April 10 is National Farm Animals Day, a holiday meant to promote the welfare of America's enormous livestock population — including all 9 billion chickens, 244 million turkeys, 93 million cows, 65 million hogs and 6 million sheep, among others.
U.S. farm animals endure a wide range of hardships, from a lack of elbow room and exercise to an excess of hormones and antibiotics. The point of National Farm Animals Day, according to founder Colleen Paige, is "to raise awareness about the plight of slaughter animals, as well as to find homes for abandoned and abused farm animals."
Both are noble goals, and highlight work done year-round by national animal-rights groups such as Farm Sanctuary and the Humane Society. But it's also worth giving some attention today to the other end of the spectrum: While their numbers are dwarfed by animals at factory farms, the U.S. and other countries are home to lots of lively livestock, too. Whether they're organic, free-range, drug-free or all of the above, these lucky few are living examples of how to raise farm animals humanely.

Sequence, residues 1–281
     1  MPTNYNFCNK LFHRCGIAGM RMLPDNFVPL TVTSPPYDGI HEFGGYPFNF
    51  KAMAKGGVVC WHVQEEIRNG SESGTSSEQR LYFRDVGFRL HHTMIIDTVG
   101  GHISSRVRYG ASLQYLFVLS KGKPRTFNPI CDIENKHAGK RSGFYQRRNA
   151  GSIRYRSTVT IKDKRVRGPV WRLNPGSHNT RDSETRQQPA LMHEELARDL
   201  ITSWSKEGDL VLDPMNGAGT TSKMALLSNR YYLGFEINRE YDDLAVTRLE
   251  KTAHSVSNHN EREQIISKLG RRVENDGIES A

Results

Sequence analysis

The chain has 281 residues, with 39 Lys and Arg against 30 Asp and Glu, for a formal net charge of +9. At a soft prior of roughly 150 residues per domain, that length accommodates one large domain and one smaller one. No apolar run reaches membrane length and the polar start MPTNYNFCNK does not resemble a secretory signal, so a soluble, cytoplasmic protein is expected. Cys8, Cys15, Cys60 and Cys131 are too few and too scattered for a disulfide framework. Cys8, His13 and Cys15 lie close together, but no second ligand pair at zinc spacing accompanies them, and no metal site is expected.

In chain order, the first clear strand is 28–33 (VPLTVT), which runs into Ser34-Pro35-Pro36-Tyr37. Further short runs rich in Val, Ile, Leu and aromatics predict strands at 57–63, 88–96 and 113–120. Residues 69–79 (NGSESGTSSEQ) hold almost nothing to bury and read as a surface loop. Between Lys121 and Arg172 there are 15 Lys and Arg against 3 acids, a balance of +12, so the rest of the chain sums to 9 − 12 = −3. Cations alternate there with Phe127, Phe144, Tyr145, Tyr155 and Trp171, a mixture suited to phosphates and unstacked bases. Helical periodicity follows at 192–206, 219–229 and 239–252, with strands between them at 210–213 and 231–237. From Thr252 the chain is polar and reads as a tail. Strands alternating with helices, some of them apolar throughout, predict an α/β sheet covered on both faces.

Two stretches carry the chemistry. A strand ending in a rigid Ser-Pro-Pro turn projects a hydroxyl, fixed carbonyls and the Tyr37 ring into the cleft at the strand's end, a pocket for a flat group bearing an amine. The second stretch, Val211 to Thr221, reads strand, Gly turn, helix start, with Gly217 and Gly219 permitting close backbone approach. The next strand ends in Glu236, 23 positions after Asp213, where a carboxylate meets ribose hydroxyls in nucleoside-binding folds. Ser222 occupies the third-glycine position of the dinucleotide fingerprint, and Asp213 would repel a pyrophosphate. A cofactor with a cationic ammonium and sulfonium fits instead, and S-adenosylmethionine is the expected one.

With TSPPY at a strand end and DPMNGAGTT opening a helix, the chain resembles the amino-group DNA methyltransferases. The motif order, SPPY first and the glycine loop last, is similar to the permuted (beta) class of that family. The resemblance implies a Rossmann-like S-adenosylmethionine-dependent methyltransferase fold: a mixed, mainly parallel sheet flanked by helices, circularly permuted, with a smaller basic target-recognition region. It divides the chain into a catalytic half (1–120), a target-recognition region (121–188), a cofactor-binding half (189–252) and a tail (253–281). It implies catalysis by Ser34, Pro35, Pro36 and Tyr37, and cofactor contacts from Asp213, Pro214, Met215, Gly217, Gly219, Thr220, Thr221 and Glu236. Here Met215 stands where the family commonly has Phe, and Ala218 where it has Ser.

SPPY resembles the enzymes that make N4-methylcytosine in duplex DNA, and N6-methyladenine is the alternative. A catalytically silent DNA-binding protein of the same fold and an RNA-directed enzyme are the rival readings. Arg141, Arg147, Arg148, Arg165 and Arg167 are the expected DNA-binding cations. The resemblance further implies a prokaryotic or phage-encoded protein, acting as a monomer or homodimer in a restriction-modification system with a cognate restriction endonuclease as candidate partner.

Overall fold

And in honor of National Farm Animals Day, here's a look at some of them in action:
Named Angelo, this young sheep seems to enjoy his freedom at a rescue farm in New York. (He might feel even freer, though, if he didn't wear so many sweaters):
These U.K. dairy cows were filmed romping last month after they were released to pasture from their winter housing. A few show off some pretty impressive mooves:
Pigs at play
Even animals that have suffered in subpar conditions can sometimes rebound once they're rescued. These pigs, named Tim and Sprinkles, were reportedly "traumatized" and "inconsolable" until they arrived at Farm Sanctuary:
Running of the goats
Kids will be kids, as these young goats demonstrate at California's Harley Farms:
Chickens, turkeys and geese may not be birds of a feather, but as long as they have space, they don't seem to mind flocking together at Sunny Side Up Coops in Florida:
Spending time outdoors is important for any animal's mental health, but even just a little room to jump around is better than nothing. This pygmy goat, named Quaver, is making the most of what she's got: